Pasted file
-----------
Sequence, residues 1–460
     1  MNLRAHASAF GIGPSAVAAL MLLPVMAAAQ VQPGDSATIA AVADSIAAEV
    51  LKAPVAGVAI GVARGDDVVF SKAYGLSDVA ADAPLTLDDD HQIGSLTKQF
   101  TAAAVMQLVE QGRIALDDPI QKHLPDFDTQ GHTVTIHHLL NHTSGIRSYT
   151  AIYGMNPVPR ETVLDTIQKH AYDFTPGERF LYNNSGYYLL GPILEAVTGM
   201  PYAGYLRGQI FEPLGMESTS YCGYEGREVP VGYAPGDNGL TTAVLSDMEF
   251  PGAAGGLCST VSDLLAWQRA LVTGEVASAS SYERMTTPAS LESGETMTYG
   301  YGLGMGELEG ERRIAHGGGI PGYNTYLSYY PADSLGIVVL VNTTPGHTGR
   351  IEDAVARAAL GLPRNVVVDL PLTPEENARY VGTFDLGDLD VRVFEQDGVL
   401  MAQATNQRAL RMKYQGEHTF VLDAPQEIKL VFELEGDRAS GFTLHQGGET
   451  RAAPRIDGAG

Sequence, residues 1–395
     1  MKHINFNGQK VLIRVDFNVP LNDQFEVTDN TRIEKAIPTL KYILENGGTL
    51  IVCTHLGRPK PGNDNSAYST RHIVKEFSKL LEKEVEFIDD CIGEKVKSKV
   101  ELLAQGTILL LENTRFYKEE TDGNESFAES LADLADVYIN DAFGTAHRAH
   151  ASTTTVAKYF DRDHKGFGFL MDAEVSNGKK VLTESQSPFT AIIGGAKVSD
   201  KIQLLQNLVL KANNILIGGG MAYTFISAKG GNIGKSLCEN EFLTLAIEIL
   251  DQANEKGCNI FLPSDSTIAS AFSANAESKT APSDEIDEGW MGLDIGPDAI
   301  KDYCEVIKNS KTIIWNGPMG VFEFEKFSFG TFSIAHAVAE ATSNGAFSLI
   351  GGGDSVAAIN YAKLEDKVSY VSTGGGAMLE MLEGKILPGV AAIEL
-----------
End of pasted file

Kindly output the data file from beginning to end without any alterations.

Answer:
Sequence, residues 1–460
     1  MNLRAHASAF GIGPSAVAAL MLLPVMAAAQ VQPGDSATIA AVADSIAAEV
    51  LKAPVAGVAI GVARGDDVVF SKAYGLSDVA ADAPLTLDDD HQIGSLTKQF
   101  TAAAVMQLVE QGRIALDDPI QKHLPDFDTQ GHTVTIHHLL NHTSGIRSYT
   151  AIYGMNPVPR ETVLDTIQKH AYDFTPGERF LYNNSGYYLL GPILEAVTGM
   201  PYAGYLRGQI FEPLGMESTS YCGYEGREVP VGYAPGDNGL TTAVLSDMEF
   251  PGAAGGLCST VSDLLAWQRA LVTGEVASAS SYERMTTPAS LESGETMTYG
   301  YGLGMGELEG ERRIAHGGGI PGYNTYLSYY PADSLGIVVL VNTTPGHTGR
   351  IEDAVARAAL GLPRNVVVDL PLTPEENARY VGTFDLGDLD VRVFEQDGVL
   401  MAQATNQRAL RMKYQGEHTF VLDAPQEIKL VFELEGDRAS GFTLHQGGET
   451  RAAPRIDGAG

Sequence, residues 1–395
     1  MKHINFNGQK VLIRVDFNVP LNDQFEVTDN TRIEKAIPTL KYILENGGTL
    51  IVCTHLGRPK PGNDNSAYST RHIVKEFSKL LEKEVEFIDD CIGEKVKSKV
   101  ELLAQGTILL LENTRFYKEE TDGNESFAES LADLADVYIN DAFGTAHRAH
   151  ASTTTVAKYF DRDHKGFGFL MDAEVSNGKK VLTESQSPFT AIIGGAKVSD
   201  KIQLLQNLVL KANNILIGGG MAYTFISAKG GNIGKSLCEN EFLTLAIEIL
   251  DQANEKGCNI FLPSDSTIAS AFSANAESKT APSDEIDEGW MGLDIGPDAI
   301  KDYCEVIKNS KTIIWNGPMG VFEFEKFSFG TFSIAHAVAE ATSNGAFSLI
   351  GGGDSVAAIN YAKLEDKVSY VSTGGGAMLE MLEGKILPGV AAIEL